Updated: Health (Preservation and Protection and other Emergency Measures in the Public Interest) Act 2020: Extensive Powers to minimise the spread of COVID-19
The shutters have been pulled down on much of Irish life as the country, along with the rest of the world, grapples with the mounting numbers of cases of COVID-19 appearing on all parts of the island.
The Health (Preservation and Protection and other Emergency Measures in the Public Interest) Act 2020 (the “Act”) was signed into law on 20 March 2020. Under the Act, the Minister for Health (the “Minister”) may make regulations which would allow for restrictions on the freedom of individuals, and medical officers may take certain actions in respect of individuals regarded as “potential sources of infection”, in order to contain the spread of COVID-19, help minimise its impact on human life and prevent the Irish health system becoming overwhelmed.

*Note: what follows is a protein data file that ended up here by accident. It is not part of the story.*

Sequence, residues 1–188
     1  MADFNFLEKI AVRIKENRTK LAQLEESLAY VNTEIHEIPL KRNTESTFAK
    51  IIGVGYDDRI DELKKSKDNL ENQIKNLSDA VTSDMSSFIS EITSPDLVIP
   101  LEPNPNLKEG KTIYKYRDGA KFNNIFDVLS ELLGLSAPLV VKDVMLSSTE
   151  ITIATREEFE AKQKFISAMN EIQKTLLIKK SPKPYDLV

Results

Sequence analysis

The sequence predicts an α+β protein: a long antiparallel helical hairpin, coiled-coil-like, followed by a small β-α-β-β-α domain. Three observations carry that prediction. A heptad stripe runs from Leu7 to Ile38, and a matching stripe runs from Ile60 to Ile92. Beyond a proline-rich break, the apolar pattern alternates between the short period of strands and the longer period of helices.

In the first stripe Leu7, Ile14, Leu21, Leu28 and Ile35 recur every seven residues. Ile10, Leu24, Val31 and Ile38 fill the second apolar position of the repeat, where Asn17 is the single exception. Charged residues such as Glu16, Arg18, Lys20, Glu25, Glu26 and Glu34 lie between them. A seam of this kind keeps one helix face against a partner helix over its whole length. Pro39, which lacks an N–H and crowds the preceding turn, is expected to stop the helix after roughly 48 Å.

Below is an account of the emergency measures provided for in the Act, the extent of which is unprecedented in modern peacetime. Note that whilst the Act not only sets down the emergency measures described below, it also amends existing social welfare legislation, namely the Social Welfare Act Consolidation Act 2005, to allow for the much discussed payments to those whose jobs have been lost or who are otherwise out of work or without income due to the economic impact of COVID-19. These measures are discussed in a separate note here.
Events of recent days
Matters have moved rapidly since the first directive of the Irish Government on 15 March 2020. The most recent and most radical announcement from the Government on the country’s response to COVID-19 came on the night of 27 March 2020 when significant restrictions on public life, to be in place until 12 April 2020, were announced by An Taoiseach. However, it remains the case that regulations are yet to be made under the Act, with any of the limited enforcement actions being taken to date being based upon existing laws (for example, the Non-Fatal Offences against the Person Act, 1997).